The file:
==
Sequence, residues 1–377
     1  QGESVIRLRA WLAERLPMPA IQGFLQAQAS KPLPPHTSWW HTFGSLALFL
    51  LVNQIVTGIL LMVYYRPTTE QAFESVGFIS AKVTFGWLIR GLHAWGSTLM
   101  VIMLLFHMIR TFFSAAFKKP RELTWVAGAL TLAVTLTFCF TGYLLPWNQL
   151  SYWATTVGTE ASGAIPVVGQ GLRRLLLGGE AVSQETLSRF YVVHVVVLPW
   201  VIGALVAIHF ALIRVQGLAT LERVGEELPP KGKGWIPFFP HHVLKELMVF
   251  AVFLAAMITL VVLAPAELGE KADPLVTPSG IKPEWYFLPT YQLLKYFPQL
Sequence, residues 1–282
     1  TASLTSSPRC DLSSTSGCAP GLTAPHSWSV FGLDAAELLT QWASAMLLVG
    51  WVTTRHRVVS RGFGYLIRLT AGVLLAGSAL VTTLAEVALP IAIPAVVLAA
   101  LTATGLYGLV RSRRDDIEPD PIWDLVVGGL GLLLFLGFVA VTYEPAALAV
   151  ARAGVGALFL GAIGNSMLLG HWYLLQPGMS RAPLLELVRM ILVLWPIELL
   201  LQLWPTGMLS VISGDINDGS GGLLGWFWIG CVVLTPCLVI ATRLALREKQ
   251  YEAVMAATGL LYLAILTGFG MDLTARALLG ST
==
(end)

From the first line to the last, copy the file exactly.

Sequence, residues 1–377
     1  QGESVIRLRA WLAERLPMPA IQGFLQAQAS KPLPPHTSWW HTFGSLALFL
    51  LVNQIVTGIL LMVYYRPTTE QAFESVGFIS AKVTFGWLIR GLHAWGSTLM
   101  VIMLLFHMIR TFFSAAFKKP RELTWVAGAL TLAVTLTFCF TGYLLPWNQL
   151  SYWATTVGTE ASGAIPVVGQ GLRRLLLGGE AVSQETLSRF YVVHVVVLPW
   201  VIGALVAIHF ALIRVQGLAT LERVGEELPP KGKGWIPFFP HHVLKELMVF
   251  AVFLAAMITL VVLAPAELGE KADPLVTPSG IKPEWYFLPT YQLLKYFPQL
Sequence, residues 1–282
     1  TASLTSSPRC DLSSTSGCAP GLTAPHSWSV FGLDAAELLT QWASAMLLVG
    51  WVTTRHRVVS RGFGYLIRLT AGVLLAGSAL VTTLAEVALP IAIPAVVLAA
   101  LTATGLYGLV RSRRDDIEPD PIWDLVVGGL GLLLFLGFVA VTYEPAALAV
   151  ARAGVGALFL GAIGNSMLLG HWYLLQPGMS RAPLLELVRM ILVLWPIELL
   201  LQLWPTGMLS VISGDINDGS GGLLGWFWIG CVVLTPCLVI ATRLALREKQ
   251  YEAVMAATGL LYLAILTGFG MDLTARALLG ST